Passion Points: Arts/Culture
Every other year, the art world’s movers and shakers descend upon Venice. The historic cityscape acts as a backdrop for cutting-edge displays, offering a compelling dialogue between old and new. We spoke to Massimiliano Gioni, curator of the 55th International Art Exhibition of La Biennale de Venezia, who gave us some tips on how to navigate the wealth of the event, open until November 24th, 2013. There’s much to discuss this year, including the Rudolf Stingel solo show at Palazzo Grassi; Ai Weiwei’s Sacred installation in Sant’Antonin church; and Catalan artist Antoni Tàpies’ works at Palazzo Fortuny.
Many of the Biennale’s exhibition spaces, and of course Venice itself, were constructed in the Byzantine, Romanesque and Gothic styles. How do you see the show’s contemporary art juxtaposing the venues’ traditional design?
On many levels, Venice is the least contemporary city in the world, but it’s a place where many fantasies that are still relevant today have been invented. A certain idea of the East was created here in Venice, just as a very peculiar view of the past was re-imagined by many writers and artists who lived or frequented Venice. So I think it’s a city that naturally lends itself as a backdrop for daring flights of fantasy. Because it’s built on water, Venice appears to be a kind of mirage, and the combination of contemporary art and historical setting contributes to its magic.
What have been the most exciting/challenging parts about organizing the Biennale?
What makes Venice so beautiful (water) is also what makes the organization a challenge. But I had the honor of hanging a few pictures that had been shown in Venice in the 1940s and 50s, and when you see the little Biennale stickers on the back of the painting, you know that that work has become history.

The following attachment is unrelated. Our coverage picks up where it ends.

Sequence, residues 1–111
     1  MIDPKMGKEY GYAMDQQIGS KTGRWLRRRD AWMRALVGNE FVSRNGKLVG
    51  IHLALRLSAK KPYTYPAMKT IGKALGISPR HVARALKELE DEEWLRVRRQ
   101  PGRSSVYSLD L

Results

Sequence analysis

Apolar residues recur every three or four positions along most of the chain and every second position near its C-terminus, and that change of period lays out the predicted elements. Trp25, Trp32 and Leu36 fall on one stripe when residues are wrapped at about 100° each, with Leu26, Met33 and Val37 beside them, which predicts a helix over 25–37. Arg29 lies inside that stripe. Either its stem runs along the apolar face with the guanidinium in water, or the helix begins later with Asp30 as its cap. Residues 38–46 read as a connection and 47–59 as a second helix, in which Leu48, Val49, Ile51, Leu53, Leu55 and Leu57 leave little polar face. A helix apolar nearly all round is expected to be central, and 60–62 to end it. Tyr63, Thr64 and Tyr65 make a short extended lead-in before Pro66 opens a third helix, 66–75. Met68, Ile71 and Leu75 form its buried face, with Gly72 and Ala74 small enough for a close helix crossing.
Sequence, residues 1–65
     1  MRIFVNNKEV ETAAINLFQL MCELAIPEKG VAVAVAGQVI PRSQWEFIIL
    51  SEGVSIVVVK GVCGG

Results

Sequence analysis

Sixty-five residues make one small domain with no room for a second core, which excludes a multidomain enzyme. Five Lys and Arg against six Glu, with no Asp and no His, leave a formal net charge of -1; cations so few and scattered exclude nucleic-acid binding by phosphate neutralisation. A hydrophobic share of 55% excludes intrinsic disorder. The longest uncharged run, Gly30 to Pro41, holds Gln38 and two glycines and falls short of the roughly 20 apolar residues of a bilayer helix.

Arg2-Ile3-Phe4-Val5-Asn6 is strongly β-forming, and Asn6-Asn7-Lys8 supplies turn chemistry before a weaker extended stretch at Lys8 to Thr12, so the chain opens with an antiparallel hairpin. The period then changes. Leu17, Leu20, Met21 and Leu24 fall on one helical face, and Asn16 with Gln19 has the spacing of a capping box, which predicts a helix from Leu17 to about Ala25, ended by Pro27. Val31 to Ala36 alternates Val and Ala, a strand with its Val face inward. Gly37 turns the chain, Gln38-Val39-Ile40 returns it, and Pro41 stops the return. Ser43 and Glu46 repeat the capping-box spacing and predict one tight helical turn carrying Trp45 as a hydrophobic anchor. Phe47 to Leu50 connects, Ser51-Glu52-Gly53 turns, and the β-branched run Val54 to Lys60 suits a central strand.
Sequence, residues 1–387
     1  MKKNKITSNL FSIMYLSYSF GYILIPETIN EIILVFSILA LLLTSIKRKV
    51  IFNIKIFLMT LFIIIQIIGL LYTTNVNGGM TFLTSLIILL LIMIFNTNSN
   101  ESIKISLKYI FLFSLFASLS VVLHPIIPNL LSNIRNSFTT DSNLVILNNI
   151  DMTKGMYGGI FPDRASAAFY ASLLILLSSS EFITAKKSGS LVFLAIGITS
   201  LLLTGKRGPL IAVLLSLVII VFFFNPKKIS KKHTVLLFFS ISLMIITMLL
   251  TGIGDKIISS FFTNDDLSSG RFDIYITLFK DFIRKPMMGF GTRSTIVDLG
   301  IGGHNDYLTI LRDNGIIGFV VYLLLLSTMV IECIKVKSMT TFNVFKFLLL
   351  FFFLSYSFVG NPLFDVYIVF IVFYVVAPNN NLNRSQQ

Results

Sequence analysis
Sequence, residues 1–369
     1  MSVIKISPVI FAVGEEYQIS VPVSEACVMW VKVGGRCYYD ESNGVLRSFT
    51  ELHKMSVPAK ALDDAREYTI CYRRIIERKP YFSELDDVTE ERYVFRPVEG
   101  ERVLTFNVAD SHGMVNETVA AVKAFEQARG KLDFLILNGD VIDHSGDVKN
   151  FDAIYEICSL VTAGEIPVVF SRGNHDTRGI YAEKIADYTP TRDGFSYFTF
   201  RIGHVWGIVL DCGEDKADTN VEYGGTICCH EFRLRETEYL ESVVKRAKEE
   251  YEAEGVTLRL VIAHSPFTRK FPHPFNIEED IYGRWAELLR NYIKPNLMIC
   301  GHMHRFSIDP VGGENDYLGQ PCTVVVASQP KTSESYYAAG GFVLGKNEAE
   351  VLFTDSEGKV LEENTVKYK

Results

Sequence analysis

What makes the Venice Biennale such an important cultural event?
Its history and its legacy are absolutely unique. It’s the only place where the art world has returned over and over again every two years for the past 110 years. Going through the list of artists who have exhibited here is mind-blowing. I don’t think you can really explain what it means for an artist to exhibit in the same rooms as where Gustav Klimt was showing in 1905.
What additions or innovations to this year’s show are you most looking forward to?
The national pavillions keep expanding, which I think is exciting. This year there will be a Nigerian pavillion and I am very curious about that. In my section of the exhibition, I tried to include many unusual works made by non-professional artists, and so I am very curious and a little nervous to see what people will think.
What are some of your favorite Venice secrets (eg. restaurant, shop, café, garden, sight, museum, etc.)?
I love walking around behind the Giardini: it feels like a different planet there. And I like the Gallerie dell’Accademia, with its Carlo Scarpa’s insertions. The Guggenheim foundation is still a very special place. And Gino Rossi was a great painter from Venice who ended up in a mental hospital: it’s always great to see his paintings.
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